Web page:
Nov 18, 2017 - National Geographic Explorer
Sea days are a perfect time for reflection, especially after the jam-packed week we had in South Georgia. We are en route to the South Orkneys, but it will take a full day and two nights to get there. Some of us slept in a little, while others visited the bridge early—as usual—to get the first crack at the daily bird list.
In the morning, we listened to National Geographic photographer Tyrone Turner, who has worked extensively in Brazil, so we could imagine ourselves in warmer climes. After that we had a briefing to prepare us for some activities that we hope to offer in Antarctica, including kayaking and some time on the sea ice.
At lunch, we had a special photo collection for the Citizen Science program we are piloting on this voyage under the leadership of naturalist Jimmy White. A few days ago, we were all invited to participate in a BioBlitz, a short, intense, participatory photographic survey of one of the places we visited on South Georgia called Godthul. For three hours in the morning, we took pictures of every living thing we could find, from pipits to lichen to amphipods. At lunch today, the BioBlitz team collected everyone’s photos so the species can be identified and the results shared, open source, with the global naturalist community. It was amazing to see so many people rush to the table with USB drives, SD cards, smartphones, and tablets full of photos from our communal biological survey. Results to come!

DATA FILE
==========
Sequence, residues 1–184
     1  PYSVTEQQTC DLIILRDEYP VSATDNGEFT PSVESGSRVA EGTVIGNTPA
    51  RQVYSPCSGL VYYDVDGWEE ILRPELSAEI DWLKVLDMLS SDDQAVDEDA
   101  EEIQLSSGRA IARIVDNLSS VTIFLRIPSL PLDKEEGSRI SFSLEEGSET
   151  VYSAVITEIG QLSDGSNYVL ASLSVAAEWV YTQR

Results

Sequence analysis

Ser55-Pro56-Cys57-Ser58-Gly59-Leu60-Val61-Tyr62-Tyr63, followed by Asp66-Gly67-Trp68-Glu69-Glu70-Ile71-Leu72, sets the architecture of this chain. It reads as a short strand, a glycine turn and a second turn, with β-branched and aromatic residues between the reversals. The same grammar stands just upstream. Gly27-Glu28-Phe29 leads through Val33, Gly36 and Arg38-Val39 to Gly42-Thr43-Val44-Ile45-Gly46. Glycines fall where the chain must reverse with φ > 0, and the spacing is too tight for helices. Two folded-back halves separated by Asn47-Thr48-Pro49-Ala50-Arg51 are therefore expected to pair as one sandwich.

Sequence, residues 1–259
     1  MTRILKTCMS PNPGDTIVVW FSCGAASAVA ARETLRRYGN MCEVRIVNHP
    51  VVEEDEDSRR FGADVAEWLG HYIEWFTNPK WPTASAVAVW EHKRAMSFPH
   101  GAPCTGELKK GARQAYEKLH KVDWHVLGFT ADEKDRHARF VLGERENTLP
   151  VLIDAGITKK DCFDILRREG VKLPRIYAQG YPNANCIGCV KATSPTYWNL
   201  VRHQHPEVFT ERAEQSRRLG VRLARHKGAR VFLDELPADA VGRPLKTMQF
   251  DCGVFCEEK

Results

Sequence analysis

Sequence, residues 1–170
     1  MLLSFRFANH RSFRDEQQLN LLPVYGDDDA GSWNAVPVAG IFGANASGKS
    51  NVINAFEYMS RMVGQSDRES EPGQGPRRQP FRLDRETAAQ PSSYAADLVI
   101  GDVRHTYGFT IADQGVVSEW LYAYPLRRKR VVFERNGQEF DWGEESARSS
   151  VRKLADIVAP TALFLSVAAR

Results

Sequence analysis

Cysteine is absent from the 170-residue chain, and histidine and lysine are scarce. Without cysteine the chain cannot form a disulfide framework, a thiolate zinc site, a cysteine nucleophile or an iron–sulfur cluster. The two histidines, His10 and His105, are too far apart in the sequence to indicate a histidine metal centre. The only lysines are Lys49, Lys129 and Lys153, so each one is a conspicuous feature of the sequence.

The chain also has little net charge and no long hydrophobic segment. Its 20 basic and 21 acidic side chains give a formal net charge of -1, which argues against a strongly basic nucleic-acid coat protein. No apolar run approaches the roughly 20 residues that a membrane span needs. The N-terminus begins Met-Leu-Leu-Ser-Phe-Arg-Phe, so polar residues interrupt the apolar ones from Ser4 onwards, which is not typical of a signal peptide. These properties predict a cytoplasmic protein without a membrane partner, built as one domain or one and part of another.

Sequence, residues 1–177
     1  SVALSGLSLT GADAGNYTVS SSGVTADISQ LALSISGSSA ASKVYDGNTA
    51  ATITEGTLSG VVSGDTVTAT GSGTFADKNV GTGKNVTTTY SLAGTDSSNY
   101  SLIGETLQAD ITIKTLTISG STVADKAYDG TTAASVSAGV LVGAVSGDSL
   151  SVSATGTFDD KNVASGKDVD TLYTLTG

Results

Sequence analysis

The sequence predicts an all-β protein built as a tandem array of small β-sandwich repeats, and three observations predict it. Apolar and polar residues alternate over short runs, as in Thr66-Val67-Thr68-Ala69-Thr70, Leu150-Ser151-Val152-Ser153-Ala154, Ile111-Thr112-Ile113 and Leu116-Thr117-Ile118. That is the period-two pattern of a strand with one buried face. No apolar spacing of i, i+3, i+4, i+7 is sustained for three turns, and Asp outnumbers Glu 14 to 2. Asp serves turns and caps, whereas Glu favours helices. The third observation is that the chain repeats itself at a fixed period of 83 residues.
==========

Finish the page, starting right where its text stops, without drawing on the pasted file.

Naturalist David Cothran shared some information this afternoon about whales of the Southern Ocean, complete with a fascinating account of their evolution. Afterwards, the crew invited everybody for a special tea time on B-deck, where we could visit the laundry and some storerooms—areas of the ship that are normally closed. Our final presentation was by one of our Global Perspectives Guest Speakers, Fran Ulmer. She led us through a comparison of the Arctic and Antarctic from a geopolitical perspective.
By this time in the trip, our evening routine of Recap and dinner has become a normal part of the ship’s rhythm. In the evening, our photographers had a chance to critique each other’s work, all in good fun, of course.
By morning we should be near land again . . . and then on to the White Continent!
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